Mirah Offers a Message of 'Understanding' During Difficult Times
Mirah has often embraced a DIY ethos that suggested experimentation and working with found materials. On Understanding, she goes much further out into the sonic stratosphere.
Absolute Magnitude Recordings
7 September 2018
Mirah has always been an empathetic and thoughtful singer-songwriter, so calling her sixth solo release Understanding does not seem surprising. However, the strange electronic musical effects on the discs are. Mirah often embraced a DIY ethos that suggested experimentation and working with found materials. This time she has gone much further out into the sonic stratosphere.
The recording process explains the difference between her new album and previous releases. Mirah began by recording demos with vocals, guitar, organ, and percussion in a former army barracks gymnasium at the Bay Area Headlands Center for the Arts, where she spent four weeks as an artist in residence. Then she took her demos back with her to her native Brooklyn where she teamed up with her frequent co-producer Eli Crews (tUnE-yArDs) and invited Deerhoof's Greg Saunier to the studio. The trio used a MIDI to transform a traditional marimba beat into a misshapen Farfisa organ melody, drastically lowered the pitch of vocals, and added layers of strange synth sounds, a mellotron, and an '80s era Soviet drum machine to the mix.
The results are alternately hauntingly beautiful and eerie. The music has a glossy smoothness that frequently gets interrupted by sounds that don't quite fit the beat, the melody or the tone of what was in the forefront. In some strange way, the discordant instrumentation emphasizes Mirah's storytelling. Her lyrics become the center of focus. And she has a lot to tell.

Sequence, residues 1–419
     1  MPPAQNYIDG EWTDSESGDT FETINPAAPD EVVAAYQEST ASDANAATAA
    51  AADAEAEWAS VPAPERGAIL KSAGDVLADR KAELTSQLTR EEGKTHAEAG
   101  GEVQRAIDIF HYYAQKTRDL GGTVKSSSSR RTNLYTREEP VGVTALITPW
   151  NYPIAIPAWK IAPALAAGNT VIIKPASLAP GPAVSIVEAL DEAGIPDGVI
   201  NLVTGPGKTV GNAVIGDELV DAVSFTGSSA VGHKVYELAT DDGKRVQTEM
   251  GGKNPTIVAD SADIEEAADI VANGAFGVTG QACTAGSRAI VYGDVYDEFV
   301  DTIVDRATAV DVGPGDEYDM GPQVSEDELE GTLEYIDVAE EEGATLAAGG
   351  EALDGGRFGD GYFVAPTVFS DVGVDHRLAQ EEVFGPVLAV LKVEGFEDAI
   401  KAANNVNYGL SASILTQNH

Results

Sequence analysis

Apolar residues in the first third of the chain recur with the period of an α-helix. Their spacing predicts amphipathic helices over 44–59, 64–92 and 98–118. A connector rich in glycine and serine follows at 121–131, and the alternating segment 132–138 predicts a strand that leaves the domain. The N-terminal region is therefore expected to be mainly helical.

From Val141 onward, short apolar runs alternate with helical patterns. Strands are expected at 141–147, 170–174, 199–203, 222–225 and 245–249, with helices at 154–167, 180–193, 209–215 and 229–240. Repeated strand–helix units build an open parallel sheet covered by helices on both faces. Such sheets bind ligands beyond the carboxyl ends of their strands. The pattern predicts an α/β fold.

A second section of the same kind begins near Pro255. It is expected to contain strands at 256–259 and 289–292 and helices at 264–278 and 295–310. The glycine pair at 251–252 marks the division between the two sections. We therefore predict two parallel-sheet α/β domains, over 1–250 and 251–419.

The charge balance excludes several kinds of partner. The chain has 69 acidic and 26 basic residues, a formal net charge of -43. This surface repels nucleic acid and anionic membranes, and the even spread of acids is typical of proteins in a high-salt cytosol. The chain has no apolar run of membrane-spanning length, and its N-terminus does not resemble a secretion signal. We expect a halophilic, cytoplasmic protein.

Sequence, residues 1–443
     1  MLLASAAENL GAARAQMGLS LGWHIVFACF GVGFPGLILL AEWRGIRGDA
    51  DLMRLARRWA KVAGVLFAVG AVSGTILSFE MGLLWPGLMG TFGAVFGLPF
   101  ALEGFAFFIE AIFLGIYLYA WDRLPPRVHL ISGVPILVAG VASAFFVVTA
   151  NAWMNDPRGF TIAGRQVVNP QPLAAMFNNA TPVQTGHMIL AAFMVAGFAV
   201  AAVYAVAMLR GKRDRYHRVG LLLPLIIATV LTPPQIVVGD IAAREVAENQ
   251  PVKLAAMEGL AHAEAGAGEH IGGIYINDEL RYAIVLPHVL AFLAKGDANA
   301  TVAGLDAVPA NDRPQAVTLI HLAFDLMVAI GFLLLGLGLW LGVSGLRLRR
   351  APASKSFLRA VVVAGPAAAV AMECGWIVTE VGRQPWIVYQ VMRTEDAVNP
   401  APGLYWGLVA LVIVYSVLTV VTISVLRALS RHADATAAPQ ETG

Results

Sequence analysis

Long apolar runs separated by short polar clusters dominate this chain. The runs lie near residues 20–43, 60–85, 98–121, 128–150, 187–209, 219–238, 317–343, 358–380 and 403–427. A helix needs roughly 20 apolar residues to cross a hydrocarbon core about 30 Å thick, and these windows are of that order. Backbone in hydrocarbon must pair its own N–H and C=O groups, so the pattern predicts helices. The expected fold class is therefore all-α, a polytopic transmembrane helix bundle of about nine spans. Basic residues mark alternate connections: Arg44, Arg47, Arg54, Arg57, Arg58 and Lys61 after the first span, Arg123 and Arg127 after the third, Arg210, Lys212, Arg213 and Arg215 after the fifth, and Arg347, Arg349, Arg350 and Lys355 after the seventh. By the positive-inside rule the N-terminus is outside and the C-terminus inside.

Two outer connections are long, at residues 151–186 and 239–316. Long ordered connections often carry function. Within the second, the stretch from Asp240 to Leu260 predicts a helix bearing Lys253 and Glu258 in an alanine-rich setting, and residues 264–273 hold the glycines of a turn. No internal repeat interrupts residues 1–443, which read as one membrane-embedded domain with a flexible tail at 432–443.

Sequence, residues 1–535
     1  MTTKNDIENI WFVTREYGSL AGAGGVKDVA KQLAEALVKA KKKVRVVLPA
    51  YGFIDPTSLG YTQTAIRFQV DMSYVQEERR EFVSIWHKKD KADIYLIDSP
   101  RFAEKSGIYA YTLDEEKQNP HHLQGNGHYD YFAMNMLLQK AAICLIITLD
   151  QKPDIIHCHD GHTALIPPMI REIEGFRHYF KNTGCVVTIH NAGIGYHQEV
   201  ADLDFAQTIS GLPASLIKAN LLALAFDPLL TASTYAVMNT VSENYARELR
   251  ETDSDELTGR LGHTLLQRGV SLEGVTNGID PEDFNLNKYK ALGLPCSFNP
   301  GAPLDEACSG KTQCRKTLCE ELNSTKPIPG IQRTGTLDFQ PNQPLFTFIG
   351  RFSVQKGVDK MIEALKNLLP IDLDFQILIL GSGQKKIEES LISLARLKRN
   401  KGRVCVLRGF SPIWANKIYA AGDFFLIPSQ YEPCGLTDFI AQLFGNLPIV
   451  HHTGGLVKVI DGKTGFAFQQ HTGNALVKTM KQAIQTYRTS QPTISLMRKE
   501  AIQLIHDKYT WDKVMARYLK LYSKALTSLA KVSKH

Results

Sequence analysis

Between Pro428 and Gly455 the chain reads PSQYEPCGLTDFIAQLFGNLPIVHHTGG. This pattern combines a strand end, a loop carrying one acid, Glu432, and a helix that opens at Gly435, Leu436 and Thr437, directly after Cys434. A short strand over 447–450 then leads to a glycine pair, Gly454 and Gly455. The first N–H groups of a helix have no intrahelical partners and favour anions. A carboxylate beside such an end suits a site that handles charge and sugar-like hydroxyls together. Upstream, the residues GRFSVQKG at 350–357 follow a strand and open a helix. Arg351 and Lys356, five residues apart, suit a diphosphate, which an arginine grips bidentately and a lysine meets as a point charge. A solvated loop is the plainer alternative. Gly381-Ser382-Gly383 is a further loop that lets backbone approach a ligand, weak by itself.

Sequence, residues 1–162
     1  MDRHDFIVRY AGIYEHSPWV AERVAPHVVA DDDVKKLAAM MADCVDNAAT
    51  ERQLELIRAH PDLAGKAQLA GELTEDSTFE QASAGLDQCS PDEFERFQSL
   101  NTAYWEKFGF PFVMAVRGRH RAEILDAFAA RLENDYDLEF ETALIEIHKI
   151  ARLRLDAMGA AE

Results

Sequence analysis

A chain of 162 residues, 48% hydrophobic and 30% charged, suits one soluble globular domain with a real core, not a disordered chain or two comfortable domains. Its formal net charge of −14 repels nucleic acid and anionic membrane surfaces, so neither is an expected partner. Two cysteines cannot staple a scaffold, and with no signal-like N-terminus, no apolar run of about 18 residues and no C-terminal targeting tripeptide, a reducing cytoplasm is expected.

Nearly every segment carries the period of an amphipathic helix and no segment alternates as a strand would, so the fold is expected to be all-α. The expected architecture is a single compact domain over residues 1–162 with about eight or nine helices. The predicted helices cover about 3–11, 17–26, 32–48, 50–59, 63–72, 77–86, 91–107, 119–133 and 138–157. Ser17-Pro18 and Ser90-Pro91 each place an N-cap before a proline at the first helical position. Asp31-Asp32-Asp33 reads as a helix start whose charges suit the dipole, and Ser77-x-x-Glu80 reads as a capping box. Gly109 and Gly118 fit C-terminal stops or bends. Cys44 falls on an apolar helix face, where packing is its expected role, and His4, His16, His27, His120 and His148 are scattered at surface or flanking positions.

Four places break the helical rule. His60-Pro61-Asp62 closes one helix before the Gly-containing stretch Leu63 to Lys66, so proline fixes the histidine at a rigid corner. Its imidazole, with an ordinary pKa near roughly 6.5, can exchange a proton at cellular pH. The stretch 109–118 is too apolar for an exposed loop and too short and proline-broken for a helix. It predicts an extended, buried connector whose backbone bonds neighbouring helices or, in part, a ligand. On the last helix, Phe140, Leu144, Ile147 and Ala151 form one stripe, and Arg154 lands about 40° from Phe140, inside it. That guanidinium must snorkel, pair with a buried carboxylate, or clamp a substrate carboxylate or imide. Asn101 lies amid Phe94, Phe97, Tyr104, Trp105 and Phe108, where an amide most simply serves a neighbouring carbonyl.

The album's lyrics are chockfull of social, political, and personal commentary. Mirah can be anthemic, on tracks such as "Counting" with powerful lines such as "We love to death our money / We love to death our gods / We're blowing up for money / We're blowing up for gods," and she can be intimate as on "Blinded by the Pretty Light" were she softly sings "In your heart to feel the beating / To hear you say 'Use my breath for your own breathing'." Despite the differences in style and substance between songs like these, Mirah's vocal intonations make all ten songs feel like they belong together. Her voice has a distinct personality that rings through the material.
Mirah's best songs offer the most specifics. This is true when she's delivering a message, as she does on the inspirational "Information" where she reminds one that while it's easy to get depressed by the current situation of American politics, one should use one's understanding (hence the album title) to make us kinder to each other. We all need a hand to hold.
It's also the case when Mirah simply poeticizes, as in "Lake/Ocean" with the beautiful yet disquieting phrase "My heart's elephant-sized with love of life / But in the dark it's too loud loud loud loud loud." Or as she puts it in the appropriately named "Ordinary Day", "It's called an ordinary day but that doesn't describe it / What's called an ordinary day has so much inside." Mirah's not content with simple labels and knows that while not everything can be explained, it can be understood on a deeper level.
That's why the production on this record matters. The sonics wordlessly reinforce Mirah's message that one needs to be considerate and accepting of others. That which may not be familiar or fit in is important for us to attend to for that very reason. The musical context expands the limitations of language, no matter how artful the words. Understanding reveals Mirah understands this.